Breaking Ground, Breaking Tradition First Generation of Women Archaeologists


Virginia Randolph Grace (1901-1994)

Virginia Grace graduated from Bryn Mawr College in 1922 with an A.B. degree cum laude in Greek and English. In 1927, she enrolled as a student at the American School of Classical Studies at Athens, inspired by an article in the Bryn Mawr Alumnae Bulletin written by Dorothy Burr. Compelled by her experiences at the American School, she returned to Bryn Mawr for graduate work, receiving her M.A. in Classical Archaeology in 1930 and her Ph.D in 1934.

In the spring of 1931, with a traveling fellowship from Bryn Mawr, Grace accompanied Lucy Shoe to the Hellenistic site of Pergamon in Turkey, where she acquired her first excavation experience. At Pergamon, she saw the famed "Pergamene deposit" of stamped amphora handles, which sparked her interest in this class of artifact. That year, she also excavated at the site of Halae, Greece under Hetty Goldman. In 1932, Grace became a staff member of the recently opened American Excavations at the Athenian Agora in Greece. Within a year, she began studying the stamped amphora handles unearthed in the Agora, and she published the results of her research in her first article, "Stamped Amphora Handles Found in the American Excavations in the Athenian Agora, 1931-32," which she also submitted as her dissertation for the Ph.D. degree at Bryn Mawr (1934).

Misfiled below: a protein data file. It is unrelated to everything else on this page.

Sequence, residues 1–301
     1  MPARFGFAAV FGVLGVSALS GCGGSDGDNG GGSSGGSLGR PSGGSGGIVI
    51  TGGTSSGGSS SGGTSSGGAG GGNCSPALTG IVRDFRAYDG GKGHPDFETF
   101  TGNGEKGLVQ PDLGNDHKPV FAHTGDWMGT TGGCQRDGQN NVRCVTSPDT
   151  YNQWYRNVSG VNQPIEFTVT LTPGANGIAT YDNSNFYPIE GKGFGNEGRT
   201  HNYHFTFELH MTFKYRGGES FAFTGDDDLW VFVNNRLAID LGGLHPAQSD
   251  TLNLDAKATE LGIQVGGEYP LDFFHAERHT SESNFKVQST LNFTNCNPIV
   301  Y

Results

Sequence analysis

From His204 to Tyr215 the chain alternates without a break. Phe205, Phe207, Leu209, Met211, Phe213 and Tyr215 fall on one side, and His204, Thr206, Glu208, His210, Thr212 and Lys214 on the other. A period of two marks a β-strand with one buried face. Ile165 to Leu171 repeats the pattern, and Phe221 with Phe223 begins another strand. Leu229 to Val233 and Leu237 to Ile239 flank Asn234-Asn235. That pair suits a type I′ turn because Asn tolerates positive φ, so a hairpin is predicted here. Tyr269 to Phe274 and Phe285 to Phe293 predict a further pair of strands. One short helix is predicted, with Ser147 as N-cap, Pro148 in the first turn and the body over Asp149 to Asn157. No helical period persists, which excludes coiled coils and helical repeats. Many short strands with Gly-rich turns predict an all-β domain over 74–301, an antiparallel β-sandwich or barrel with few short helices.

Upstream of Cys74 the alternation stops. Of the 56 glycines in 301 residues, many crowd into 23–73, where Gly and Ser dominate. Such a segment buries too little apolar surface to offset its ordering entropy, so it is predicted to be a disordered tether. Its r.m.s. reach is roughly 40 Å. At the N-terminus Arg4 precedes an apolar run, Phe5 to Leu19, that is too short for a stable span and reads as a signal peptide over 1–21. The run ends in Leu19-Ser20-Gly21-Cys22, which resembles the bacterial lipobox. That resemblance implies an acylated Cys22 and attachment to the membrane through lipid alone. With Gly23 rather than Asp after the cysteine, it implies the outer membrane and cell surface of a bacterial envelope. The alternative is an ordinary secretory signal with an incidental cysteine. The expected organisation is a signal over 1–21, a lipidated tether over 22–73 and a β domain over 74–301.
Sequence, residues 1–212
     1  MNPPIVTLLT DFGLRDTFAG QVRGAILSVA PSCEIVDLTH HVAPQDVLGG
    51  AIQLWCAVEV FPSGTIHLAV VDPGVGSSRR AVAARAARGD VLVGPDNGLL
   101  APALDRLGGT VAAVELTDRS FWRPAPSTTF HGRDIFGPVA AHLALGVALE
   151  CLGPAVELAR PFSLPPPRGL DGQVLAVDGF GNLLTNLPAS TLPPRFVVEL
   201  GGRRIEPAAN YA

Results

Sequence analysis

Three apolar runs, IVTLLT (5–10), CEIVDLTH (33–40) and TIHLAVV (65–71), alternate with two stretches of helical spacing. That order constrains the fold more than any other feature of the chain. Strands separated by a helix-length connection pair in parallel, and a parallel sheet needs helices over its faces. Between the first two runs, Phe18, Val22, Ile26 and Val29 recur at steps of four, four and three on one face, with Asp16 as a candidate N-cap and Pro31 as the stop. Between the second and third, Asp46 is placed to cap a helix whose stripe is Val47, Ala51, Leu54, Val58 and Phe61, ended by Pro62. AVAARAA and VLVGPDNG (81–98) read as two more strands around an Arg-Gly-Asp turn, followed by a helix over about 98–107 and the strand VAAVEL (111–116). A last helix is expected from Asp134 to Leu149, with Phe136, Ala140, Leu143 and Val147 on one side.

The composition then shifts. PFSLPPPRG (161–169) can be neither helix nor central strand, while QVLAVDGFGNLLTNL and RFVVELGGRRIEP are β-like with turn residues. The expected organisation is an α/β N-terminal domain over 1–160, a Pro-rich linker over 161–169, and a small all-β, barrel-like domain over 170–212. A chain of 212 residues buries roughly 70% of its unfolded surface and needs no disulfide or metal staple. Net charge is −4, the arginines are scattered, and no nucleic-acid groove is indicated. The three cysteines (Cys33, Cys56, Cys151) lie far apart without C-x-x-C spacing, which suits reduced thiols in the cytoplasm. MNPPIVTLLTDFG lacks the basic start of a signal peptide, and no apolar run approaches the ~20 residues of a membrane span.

Grace returned to Turkey in 1935 as a member of the Bryn Mawr Tarsus Excavations, again under Hetty Goldman, where she studied the amphora handles and contributed her analysis of them to the final excavation publication. By this time, it had become clear to Grace that she had found her area of specialization, and, in 1936, she was appointed as a research fellow at the Agora in Athens expressly for work on the stamped amphora handles. Grace remained in Athens for the duration of her life, leaving only for a brief period during World War II, when she was a visiting scholar at the Institute for Advanced Study in Princeton. Through her lifelong study of amphora handles, Grace laid the foundations of a new discipline within archaeology and established that amphoras and their stamps could be used as a tool for closely dating archaeological contexts. She best demonstrated the validity of this new tool in her article, "The Middle Stoa Dated by Amphora Stamps" (Hesperia, 1985), where she securely dated the Agora’s Middle Stoa by means of 1,500 handles found in the building’s fill.

In 1989, Grace was awarded the Gold Medal for Distinguished Archaeological Achievement from the Archaeological Institute of America for her vision in seeing the significance of stamped amphora handles within the broader range of classical archaeology. When she died in Athens in 1994, Virginia Grace left behind an extraordinary archive consisting of over one hundred thousand records of the stamps used on ancient amphoras from sites throughout the Mediterranean world and 25,000 stamped handles found during excavations of the Athenian Agora.



Because of Virginia Grace’s pioneering work, amphoras and their stamped handles now provide a tool for closely dating archaeological contexts and serve as a primary indicator for tracing and understanding ancient trade in the Mediterranean. Amphoras were used to transport and store wine, olive oil, and other liquids. The handles of commercial amphoras were typically labeled by stamp impressions made before kiln firing, set on the tops of the handles. The stamps usually contained the manufacturer's name, a date, and the symbol of the city-state where the goods contained within the vessel originated.


Lucy Shoe Meritt